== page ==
Friday, June 4, 2010
The Mists of Avalon
10% of the way through the challenge!
Marion Zimmer Bradley had been writing science fiction and fantasy since the late 50’s and was best known for the very popular and prolific Darkover series, which successfully combined science fiction with fantasy. In 1982 she published a doorstopper of a book called The Mists of Avalon. The Mists of Avalon was a retelling of the Arthurian saga, only this time from a female point of view.
Although the story of Arthur and his knights had been told many times since the legend’s first appearance in Geoffrey of Monmouth’s somewhat misanthropically titled Historia Regum Brittaniae (History of the Kings of Britain) it was not until Marion Zimmer Bradley’s The Mists of Avalon that anyone thought to explore how the story was viewed through the eyes of the ladies involved. Prior to this the women in the saga tended to be poorly drawn, and regarded as ‘window dressing’ for the main story.
To make Bradley's view of the story fit, a number of things about the original legend had to change. Most notable were the names. Morgana Le Fay became Morgaine and Guinevere was altered to the more traditional Welsh form of Gwenhwyfar. Merlin was not the name of the wizard/druid, but his title. The Merlin that many remember from the original legend was referred to as Taliesin. A number of the best known characters confusingly had more than one name. Arthur was known as Gwydion in childhood and only took the name of Arthur later in life. Lancelot was born with the name of Galahad and was actually the son of Viviane, the Lady of the Lake, when he was given the better known name it was spelled as Lancelet. Mordred, the result of a pagan fertility rite, and Morgaine’s son by her half brother Arthur was also known as Gwydion, and was only given the name Mordred by the Saxons, he adopted the better known name amongst Arthur’s court when he became a Companion of his father’s Round Table.
The story is narrated by Morgaine, but is told through the eyes of a number of the most involved women. These are: Igraine, the wife of Uther Pendragon and mother of Morgaine and Arthur. Morgaine, daughter of Igraine and Duke Gorlois and half sister to Arthur, mother of Gwydion/Mordred. Gwenhwyfar, wife to Arthur and Queen of Camelot. More minor players were: Viviane, the Lady of the Lake, aunt of Morgaine and Arthur, mother of Galahad/Lancelet. Morgause, aunt of Morgaine and Arthur, mother to Companions of the Round Table; Gawaine and Gareth, she also fostered Mordred. Niniane, the Lady of the Lake after Viviane, she was the granddaughter of Taliesin the Merlin. Nimue, the ill fated daughter of Lancelet and Elaine.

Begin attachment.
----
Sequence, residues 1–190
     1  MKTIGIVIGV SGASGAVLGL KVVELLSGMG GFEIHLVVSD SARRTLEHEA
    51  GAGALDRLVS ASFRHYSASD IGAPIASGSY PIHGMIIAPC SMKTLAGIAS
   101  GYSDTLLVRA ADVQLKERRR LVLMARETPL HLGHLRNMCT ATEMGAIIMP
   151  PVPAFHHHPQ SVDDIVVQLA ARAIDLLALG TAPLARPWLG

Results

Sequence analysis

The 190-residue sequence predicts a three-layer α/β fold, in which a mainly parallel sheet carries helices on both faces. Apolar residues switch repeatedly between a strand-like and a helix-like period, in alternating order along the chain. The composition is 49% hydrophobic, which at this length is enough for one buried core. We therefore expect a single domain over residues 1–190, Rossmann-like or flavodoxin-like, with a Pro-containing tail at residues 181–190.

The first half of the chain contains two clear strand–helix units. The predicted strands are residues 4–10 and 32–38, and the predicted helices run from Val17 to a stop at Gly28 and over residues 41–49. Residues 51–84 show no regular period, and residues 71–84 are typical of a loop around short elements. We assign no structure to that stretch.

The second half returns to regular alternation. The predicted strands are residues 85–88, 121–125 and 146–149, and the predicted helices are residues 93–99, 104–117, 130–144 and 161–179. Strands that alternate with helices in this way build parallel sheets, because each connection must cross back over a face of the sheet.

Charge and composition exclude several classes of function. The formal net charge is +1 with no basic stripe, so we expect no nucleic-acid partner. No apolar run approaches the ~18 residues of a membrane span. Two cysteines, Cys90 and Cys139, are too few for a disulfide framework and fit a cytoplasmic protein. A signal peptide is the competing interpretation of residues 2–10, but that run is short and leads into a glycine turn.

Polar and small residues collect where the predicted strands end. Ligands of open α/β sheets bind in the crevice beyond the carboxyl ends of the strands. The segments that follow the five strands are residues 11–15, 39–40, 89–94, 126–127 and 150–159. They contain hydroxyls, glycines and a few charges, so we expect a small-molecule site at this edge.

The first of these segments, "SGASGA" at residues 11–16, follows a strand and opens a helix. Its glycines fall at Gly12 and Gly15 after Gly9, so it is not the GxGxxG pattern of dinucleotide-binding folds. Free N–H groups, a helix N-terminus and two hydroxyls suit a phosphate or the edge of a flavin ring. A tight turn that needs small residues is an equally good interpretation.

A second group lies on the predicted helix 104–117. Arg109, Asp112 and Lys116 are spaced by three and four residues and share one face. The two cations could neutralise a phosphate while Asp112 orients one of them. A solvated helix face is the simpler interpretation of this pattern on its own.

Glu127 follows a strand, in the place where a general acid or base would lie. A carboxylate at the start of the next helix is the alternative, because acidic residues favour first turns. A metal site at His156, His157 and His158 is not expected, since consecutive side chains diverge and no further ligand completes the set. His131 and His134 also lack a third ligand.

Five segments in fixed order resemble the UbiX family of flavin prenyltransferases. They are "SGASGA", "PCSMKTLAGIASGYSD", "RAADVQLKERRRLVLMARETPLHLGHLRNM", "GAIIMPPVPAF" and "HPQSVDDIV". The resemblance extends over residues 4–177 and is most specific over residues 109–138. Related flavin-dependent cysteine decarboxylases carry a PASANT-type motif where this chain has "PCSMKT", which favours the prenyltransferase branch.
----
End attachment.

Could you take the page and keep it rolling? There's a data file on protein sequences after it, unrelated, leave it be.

There were a few issues with me for the book. I doubt I was it’s target audience, being neither female or pagan. I found it hard to sympathise with any of the women in the book. Igraine was weak willed. Viviane was manipulative. Morgause was a schemer, using her physical attractiveness as a tool to further herself. We never really got to know the characters of Niniane and Nimue well enough to make any real judgement about them or their actions. Gwenhwyfar was mentally unstable, and for some reason was made into an agoraphobic (I’d never seen that even hinted at anywhere else and am unsure why the author felt the need to give the character that crippling phobia). I’ve seen her described as pious, and yes she was, she was also petty, but to a certain extent I understood her piety and why she turned into a religious fanatic. She was a young, convent raised girl who was thrown into a court where everyone seemed to be related to everyone else. Marion Zimmer Bradley’s Camelot took inter relations to a new high. Gwenhwyfar was a genuine outsider and when she was unable to conceive a heir for Arthur, coupled with her forbidden love of Lancelet, no wonder she clung to the one constant in her life; the church. Morgaine herself has been described as being strong, but I didn’t get that impression of the character. She drifted with the story and let events take her where they would, rarely actively trying to influence her own fate until it was too late.
At the time of writing the book the author was an active neopagan and she felt a need to ram that message home with sledgehammer subtlety. I found the all too regular pagan rants and her tendency to compare the pagan religion against Christianity, with the latter coming off second best every time somewhat tiresome and largely needless.
It’s a good retelling and even though you know the outcome the story is still gripping and that it can hold interest over it’s 1,000+ pages is testament to Bradley’s skill as a storyteller. It was an interesting and, at the time, revolutionary spin on an oft retold legend. The book was a huge bestseller when it was first published and even now is still very popular. Marion Zimmer Bradley later expanded the concept to include a number of sequels and prequels, mostly written with Diana L Paxson. Since Bradley’s death in 1999, Paxson has continued to write Avalon books.
If you enjoyed The Mists of Avalon and wanted to explore other Arthurian stories, or if you didn’t like The Mists of Avalon due to it’s pagan and/or feminist slant, but still wanted to read about Arthur I can recommend 2 works. One is T.H White’s Once & Future King (I regard this as the definitive retelling of the legend), this can be enjoyed by child and adult alike. For a more realistic spin on Arthur, there’s Parke Godwin’s marvellous Firelord, Arthur as he could have been, but probably never was.